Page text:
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Local labyrinths offer reflective steps in the right direction

I wouldn’t say that I’m a labyrinth junkie, but if there’s a unicursal maze in front of me, I’m going in. I’ve walked the labyrinth outside Grace Cathedral in San Francisco (more than a couple dozen times, even well after midnight), visited the labyrinths here in Southern Nevada and even printed out a labyrinth to tape to my desk.

As with all habit-forming interests, moderation is probably key. But if I had a labyrinth behind my house, I’d be there day and night. Why? The experience of walking the winding, narrow path — spatially limited enough to keep your attention and restrict your pace — is invaluable. Whisked from quadrant to quadrant, you reach the center with your troubles shed, and then you exit by that same circuitous path, unleashed back into the world, lovingly ejected from the meditative reprieve.

There’s a reason why labyrinths — not to be confused with route-blocking mazes — dot the international landscape, from churches to hospital grounds to new age retreats, backyards, spas and even gardens. They offer spiritual recharge, religious resonance or just simple relaxation.

According to the online Worldwide Labyrinth Locator database (yes, you read right), more than 3,950 labyrinths reside in more than 70 countries. Lectures, websites, pamphlets and books talk of labyrinthine solace and religious practice throughout history, dating back more than 4,000 years to Delphi. They’re accompanied by photos of unique or more famous labyrinths, such as the Chartres Cathedral in

 
France. Whether classical, tribal or Roman mosaic, they vary in materials — constructed from rocks, gravel, concrete, bricks, snow, masking tape, marker or paint on canvas. Or pixels: There are even virtual labyrinths to watch on the Internet.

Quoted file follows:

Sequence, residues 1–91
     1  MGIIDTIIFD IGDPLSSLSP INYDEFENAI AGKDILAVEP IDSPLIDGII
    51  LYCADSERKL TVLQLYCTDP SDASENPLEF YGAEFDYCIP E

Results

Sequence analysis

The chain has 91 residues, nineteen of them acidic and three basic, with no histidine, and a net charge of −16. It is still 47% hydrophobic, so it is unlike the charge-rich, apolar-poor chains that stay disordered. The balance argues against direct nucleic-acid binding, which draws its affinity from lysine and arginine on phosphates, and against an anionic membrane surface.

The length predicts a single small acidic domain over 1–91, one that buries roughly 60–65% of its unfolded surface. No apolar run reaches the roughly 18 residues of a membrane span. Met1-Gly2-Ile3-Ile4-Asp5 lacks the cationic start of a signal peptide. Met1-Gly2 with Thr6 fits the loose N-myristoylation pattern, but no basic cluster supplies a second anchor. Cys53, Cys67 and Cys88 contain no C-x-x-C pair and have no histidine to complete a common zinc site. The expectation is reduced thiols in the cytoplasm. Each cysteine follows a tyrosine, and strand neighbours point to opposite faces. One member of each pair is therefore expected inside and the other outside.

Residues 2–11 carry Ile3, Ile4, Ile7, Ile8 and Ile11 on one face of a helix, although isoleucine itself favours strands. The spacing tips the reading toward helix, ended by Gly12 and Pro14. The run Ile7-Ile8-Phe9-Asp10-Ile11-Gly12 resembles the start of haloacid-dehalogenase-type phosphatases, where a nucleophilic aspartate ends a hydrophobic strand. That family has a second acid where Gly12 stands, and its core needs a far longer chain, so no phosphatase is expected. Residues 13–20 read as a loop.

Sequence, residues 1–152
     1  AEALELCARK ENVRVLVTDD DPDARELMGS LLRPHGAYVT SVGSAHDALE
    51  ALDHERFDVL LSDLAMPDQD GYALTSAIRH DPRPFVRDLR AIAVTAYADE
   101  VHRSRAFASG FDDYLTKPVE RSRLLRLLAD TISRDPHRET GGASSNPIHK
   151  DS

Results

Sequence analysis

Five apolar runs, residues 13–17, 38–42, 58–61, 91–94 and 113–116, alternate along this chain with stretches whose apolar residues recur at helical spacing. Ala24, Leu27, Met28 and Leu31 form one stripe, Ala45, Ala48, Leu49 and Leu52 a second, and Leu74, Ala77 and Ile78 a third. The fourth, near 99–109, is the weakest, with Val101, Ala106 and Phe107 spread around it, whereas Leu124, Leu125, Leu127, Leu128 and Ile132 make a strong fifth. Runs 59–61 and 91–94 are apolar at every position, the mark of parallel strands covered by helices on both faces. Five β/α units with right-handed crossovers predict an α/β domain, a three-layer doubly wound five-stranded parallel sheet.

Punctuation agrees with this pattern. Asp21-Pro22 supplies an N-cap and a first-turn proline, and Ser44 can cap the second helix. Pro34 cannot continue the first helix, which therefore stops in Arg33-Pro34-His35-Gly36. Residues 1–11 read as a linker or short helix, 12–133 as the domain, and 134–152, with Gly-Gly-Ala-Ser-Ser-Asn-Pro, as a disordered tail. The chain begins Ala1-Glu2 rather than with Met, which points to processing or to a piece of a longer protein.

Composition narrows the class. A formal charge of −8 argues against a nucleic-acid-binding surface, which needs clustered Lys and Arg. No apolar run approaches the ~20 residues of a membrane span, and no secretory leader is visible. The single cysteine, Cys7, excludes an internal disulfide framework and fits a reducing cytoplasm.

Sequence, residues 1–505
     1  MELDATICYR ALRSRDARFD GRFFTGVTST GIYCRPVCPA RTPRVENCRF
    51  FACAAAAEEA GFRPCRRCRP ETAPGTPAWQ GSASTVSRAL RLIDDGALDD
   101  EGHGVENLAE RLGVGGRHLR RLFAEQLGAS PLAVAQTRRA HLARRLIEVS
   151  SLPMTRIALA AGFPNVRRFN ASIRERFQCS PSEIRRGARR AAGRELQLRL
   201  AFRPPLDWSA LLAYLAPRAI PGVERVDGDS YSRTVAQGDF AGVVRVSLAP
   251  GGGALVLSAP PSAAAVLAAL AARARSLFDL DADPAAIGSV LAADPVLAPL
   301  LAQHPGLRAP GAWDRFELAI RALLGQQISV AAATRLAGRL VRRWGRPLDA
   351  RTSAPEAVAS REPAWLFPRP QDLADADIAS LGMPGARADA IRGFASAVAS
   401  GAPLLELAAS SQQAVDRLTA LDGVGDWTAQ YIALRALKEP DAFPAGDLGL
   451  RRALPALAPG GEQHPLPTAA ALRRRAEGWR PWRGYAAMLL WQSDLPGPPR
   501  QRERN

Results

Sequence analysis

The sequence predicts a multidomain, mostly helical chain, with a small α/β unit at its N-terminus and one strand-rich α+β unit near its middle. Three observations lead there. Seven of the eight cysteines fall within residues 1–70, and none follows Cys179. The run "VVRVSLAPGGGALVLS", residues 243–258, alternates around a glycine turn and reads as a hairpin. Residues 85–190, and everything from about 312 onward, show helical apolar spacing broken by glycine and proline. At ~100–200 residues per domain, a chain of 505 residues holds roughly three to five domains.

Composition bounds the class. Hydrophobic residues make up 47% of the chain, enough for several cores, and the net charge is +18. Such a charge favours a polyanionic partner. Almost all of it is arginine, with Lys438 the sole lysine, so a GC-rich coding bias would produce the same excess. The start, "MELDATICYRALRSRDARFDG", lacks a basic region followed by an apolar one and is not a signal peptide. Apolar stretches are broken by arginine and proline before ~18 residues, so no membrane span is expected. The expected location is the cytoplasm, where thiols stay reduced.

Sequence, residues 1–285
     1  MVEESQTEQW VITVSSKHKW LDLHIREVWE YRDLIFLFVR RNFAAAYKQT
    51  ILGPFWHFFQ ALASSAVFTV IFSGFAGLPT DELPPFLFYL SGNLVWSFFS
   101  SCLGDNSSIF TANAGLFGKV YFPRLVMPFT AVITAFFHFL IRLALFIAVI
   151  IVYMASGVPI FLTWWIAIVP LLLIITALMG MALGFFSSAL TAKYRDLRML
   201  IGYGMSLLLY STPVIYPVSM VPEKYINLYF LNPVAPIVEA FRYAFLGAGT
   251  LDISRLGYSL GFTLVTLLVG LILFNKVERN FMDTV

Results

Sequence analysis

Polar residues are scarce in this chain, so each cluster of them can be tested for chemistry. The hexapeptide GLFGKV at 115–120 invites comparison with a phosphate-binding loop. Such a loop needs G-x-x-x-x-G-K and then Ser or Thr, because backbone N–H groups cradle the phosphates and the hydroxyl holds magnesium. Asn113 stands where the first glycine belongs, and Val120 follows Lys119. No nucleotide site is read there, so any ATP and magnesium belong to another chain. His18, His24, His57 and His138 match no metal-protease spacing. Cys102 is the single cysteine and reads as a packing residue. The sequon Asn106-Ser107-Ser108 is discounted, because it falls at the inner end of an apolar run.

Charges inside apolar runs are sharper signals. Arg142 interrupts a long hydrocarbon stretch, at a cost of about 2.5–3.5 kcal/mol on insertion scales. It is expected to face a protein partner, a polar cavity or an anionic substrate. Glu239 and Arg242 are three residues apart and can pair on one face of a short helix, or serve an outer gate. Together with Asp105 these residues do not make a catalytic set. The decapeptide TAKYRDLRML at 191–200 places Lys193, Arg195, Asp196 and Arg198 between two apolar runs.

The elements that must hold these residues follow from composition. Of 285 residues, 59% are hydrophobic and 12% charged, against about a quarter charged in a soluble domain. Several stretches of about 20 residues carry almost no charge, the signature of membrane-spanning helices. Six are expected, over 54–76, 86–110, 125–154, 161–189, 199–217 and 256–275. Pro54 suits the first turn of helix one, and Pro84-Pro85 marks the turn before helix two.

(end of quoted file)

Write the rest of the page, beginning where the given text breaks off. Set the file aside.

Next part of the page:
We’ve got our share. The labyrinth on the hilltop campus of St. Andrew Catholic Community Church in Boulder City, with its nearby line of cypress trees, surrounding benches and, quite poetically, birds, is by far my local favorite. The entrance is through a xeriscaped prayer garden, where placards on stones highlight the history of the universe from its formation 13 billion years ago to the arrival of algae and bacteria, then humans and, finally, the perspective-altering phrase that the church is only five seconds old in relation to the age of the universe. The peaceful walk on the concrete labyrinth, interrupted only by church bells on the hour, is heavenly (for lack of a better word). But then most of them are.

Labyrinth

My next local labyrinth adventure will likely be the seven-circuit labyrinth in Pahrump at the University of Nevada Cooperative Extension. Designed by Master Gardener Alice Rossington and built using the help of other master gardeners, it sits among native plants and trees and is made from stones on the desert floor. (In true casino-culture fashion, it’s open 24 hours.) Also offering a desert experience is a labyrinth made of gravel and stone at The Temple of Goddess Spirituality in Indian Springs. Locally, there’s a monthly vigil on a canvas labyrinth held at Christ Church Episcopal on Maryland Parkway. There’s also a labyrinth-inspired walking path in Huntridge Circle Park, but it shouldn’t be confused with a real labyrinth, in that it has a separate entrance and exit.

But should you need a quick, middle-of-the-night labyrinth stop in town, the 24-hour labyrinth on the St. Rose Dominican San Martin Campus on Warm Springs Road is there for you. Surrounded by trees, hedges, rows of small flowering plants and blooming rose bushes, it offers a sense of quiet in the otherwise busy valley, and engenders solitude and connection, even despite the building’s windows looking down onto the labyrinth and garden. As with the St. Andrew labyrinth in Boulder City, nearby pamphlets explain the history of labyrinths and stages of walking, from the cleansing, shedding and releasing of everyday life to the receiving in its center of illumination and insight. Or just a relaxing end to a long day.


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